Google Fuchsia OS has been in development for years now, with the very secretive project having begun internally as early as 2015. Today, with its developer page going live and certain snippets of information coming to the forefront, Fuchsia OS has become a matter of even more interesting speculation. Still surrounded with reasonable secrecy, Fuchsia OS now has some information for us to use and speculate on what it is, what it could shape up to be, and exactly how big a role might it play in Google and Android's future.
The first and foremost factor that separates Fuchsia from other operating systems is its code base. Unlike Windows, Android and iOS/mac OS, Fuchsia is not based on existing open source kernels or foundation code architectures. Rather, it uses its own open source kernel, which can have far larger implications than just being a differentiating factor. It uses the Zircon kernel, which was initially named Magenta, as its base protocol, which means that it is functionally different from all the operating systems out there.
The second factor that highlights Fuchsia's importance is its modular structure, and its real-time, capability-based operating method. Fuchsia OS is being built by Google as an operating system that can adapt to practically any form factor of a device, and accept multiple input formats (touch, voice, gestures or physical inputs). Being a real time operating system further means that is is prepared for constant connectivity to the internet. This enables two further aspects -- one, system updates happening consistently in the background without user interference and improving safety standards, and two, the ability to interact with other devices within a network setup and maximising a smart things ecosystem.
Technically, this implies a sort-of super-OS that is compatible with the existing app ecosystems under Google's umbrella, can run on any embedded or mainstream system with interfaces that can be altered according to need, automatically patch system vulnerabilities with constant updates, and connect to devices of any form factor, thereby hosting a full environment of connected appliances.
What this may mean for you
While Fuchsia may not necessarily even become a consumer-oriented operating system, the foundation stones laid down by it can have a considerable impact on devices that you own. Right now, there are no non-Apple systems that can offer a complete ecosystem of operating systems with tight integration for laptops, smartphones, tablets, wearables, smart speakers and televisions, and as a user, your best bet would lie in a combination of Microsoft's Windows, Google's Android/Wear OS and Amazon's Fire OS for all gadgets combined.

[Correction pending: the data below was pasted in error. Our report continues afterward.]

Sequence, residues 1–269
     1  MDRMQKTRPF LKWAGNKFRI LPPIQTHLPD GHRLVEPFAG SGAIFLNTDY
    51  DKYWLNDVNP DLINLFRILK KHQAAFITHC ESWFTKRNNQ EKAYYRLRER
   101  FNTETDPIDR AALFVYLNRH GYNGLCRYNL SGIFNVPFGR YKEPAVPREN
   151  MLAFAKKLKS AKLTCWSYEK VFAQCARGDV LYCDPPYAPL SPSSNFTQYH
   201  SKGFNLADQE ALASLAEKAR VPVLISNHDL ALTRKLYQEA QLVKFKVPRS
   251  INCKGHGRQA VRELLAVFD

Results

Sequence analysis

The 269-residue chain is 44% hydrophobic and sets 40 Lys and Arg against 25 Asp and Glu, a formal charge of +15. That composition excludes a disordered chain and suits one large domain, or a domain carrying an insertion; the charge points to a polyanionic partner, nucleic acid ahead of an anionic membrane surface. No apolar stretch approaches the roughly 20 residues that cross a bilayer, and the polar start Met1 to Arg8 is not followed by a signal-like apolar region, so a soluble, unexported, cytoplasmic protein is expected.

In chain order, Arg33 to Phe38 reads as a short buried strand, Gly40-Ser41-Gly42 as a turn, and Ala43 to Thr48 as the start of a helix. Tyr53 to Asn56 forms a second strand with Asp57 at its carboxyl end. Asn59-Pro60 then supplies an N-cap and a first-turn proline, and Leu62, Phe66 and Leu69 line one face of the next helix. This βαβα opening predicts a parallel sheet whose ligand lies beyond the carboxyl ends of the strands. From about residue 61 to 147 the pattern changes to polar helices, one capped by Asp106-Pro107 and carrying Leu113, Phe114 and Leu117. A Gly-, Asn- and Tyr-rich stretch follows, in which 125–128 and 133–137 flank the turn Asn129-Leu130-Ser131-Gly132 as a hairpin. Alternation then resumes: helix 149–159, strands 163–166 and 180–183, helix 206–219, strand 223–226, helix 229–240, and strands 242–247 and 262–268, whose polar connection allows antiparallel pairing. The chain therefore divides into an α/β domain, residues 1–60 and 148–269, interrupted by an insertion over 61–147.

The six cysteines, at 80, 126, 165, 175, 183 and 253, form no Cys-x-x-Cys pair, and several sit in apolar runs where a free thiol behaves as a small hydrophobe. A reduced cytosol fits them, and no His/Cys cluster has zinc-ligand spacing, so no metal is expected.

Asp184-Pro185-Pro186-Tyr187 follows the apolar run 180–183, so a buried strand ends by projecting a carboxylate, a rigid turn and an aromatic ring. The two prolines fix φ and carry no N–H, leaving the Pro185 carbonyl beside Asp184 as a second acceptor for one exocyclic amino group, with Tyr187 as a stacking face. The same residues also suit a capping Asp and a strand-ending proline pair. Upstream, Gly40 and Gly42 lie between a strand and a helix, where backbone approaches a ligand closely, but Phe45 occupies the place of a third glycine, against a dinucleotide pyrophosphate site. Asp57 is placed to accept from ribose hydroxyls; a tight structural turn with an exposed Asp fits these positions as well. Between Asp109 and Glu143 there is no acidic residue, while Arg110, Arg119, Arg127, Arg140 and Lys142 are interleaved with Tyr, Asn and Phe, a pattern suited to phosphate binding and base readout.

While compatibility between services have improved over the years, the seamlessness of the integration is still nowhere close to the kind of end-user experience that Apple manages to provide within its ecosystem. With Fuchsia, all that may soon change. As a consumer, you are looking at an OS that can be the working backbone of every device that you use in future -- be it a smart television, a connected bulb, or even your smartphone. It might not really send Android to oblivion, which Google might choose to retain as the commercial label for marketing and relatability factors should there be a larger engineering shift in the OS. But, it can establish a full ecosystem that is as tightly-knit as Apple's.
That said, Apple is not the only one on which Fuchsia might be aimed at. Of late, Microsoft's resurgence and eventual ascension as champions of open source compatibility has been well-documented. Under chief executive Nadella, it has done away with restrictive environments such as Universal Windows Platform, and instead opened up developer support for third party stores even for apps and services targeted at its own platform, Windows. Speculations across the internet have also suggested at a versatile real-time OS based on the Windows architecture, which combines Microsoft's open source strength with cross-device compatibility to create an OS that works always and anywhere.
It is this that makes Fuchsia OS' developments so important to the future of computing, because this may lead to a three-way race in the computing world, where each of Apple, Google and Microsoft's ecosystems are cross-compatible, and at the same time, fully self-sufficient. It is this that may also bring about significant changes to the way we work -- after all, haven't you always wanted the finesse of mac OS, the versatility of Android and the wide flexibility of Windows combined in one?